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Dan Michaelson and the Coastguards - Memory

  by Benjamin Howarth

published: 3 / 7 / 2016

Dan Michaelson and the Coastguards - Memory
Label: State51 Conspiracy
Format: CD


Melancholic but haunting mini-album from London-based singer-songwriter, Dan Michaelson and his band the Coastguards

Part whisper, part croak – not, perhaps, how you would want your own voice to sound. And yet, Dan Michaelson somehow takes such unpromising beginnings to great heights – putting himself to what sounds like great lengths to sing incredibly quietly, consistently treading a fine line between tenderness and completely missing the note. Singing teachers would baulk at it, and nobody would advise anyone else to copy it, but it works It is that voice that sets Dan Michaelson apart. A flick through the Pennyblackmusic archives will show you that his recent run of albums have all been worthy of your attention and this, his sixth 'solo' record (one of these was completely solo and the others all find him joined by '… and the Coastguards') is no exception. So, it has reached the point where I cannot realistically 'review' his latest album. I can simply tell you how much I like it. It is simply an enthralling listening experience, one you will want to go back to. The songs are sad, with lyrics that can be either starkly direct or tantalisingly vague, often in the same line. The melodies burn slowly, but are driven along by haunting arrangements that hint at jazz, post-rock and film soundtracks, while never distracting from Michaelson's voice. At times, the instruments appear in conflict, and then they swell, unleashing a short moment of uplifting beauty. At times, you are straining to listen as Michaelson's love of minimalism takes hold, at other times, the tunes almost bounce into pop territory (only almost, though... they never quite get there.) It is a record of fine lines and careful craftmanship. There have, in fact, been a few subtle changes since 2014's 'Distance'. The drums are slightly more to the fore now, and the string arrangements take a little more prominence. However, while there were one or two faster tracks on 'Distance', this time there are just seven songs, all at the Coastguards' default pace – think a vintage soul 45 played at 33rpm. But, if you know Michaelson's music, I can tell you that everything is broadly where you would expect to find it. There is the usual air of brooding melancholy. There are the songs that seem to be barely songs at all at first, and yet remain in your thoughts long after you've listened to them. You can buy in confidence. If you don't know his music, this is a good place to get to know it. An album of seven tracks risks being too short, but carries the powerful advantage of having no filler. When you get to the end, you want more. It's too early to say where it ranks in comparison to his earlier records, but having spent the past month listening to it obsessively I'm tempted to say it may even be his best yet.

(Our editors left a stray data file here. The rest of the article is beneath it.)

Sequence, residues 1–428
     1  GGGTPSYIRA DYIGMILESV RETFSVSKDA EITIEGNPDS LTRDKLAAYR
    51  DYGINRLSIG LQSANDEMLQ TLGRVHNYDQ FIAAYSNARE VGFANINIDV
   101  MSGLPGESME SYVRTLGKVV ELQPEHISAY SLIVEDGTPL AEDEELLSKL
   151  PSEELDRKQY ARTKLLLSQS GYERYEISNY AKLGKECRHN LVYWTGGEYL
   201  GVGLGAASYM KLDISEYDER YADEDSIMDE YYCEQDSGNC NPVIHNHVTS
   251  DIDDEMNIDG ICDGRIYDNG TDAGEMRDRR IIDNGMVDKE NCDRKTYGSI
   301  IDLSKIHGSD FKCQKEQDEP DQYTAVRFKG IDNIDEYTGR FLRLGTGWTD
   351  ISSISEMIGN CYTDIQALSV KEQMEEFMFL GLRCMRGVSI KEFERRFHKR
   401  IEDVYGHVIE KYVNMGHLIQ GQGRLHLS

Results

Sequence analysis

Track Listing:-
1 Tides
2 Memory
3 Missing Piece
4 Lost Birds
5 Undo
6 No Other Way
7 Half the Reason

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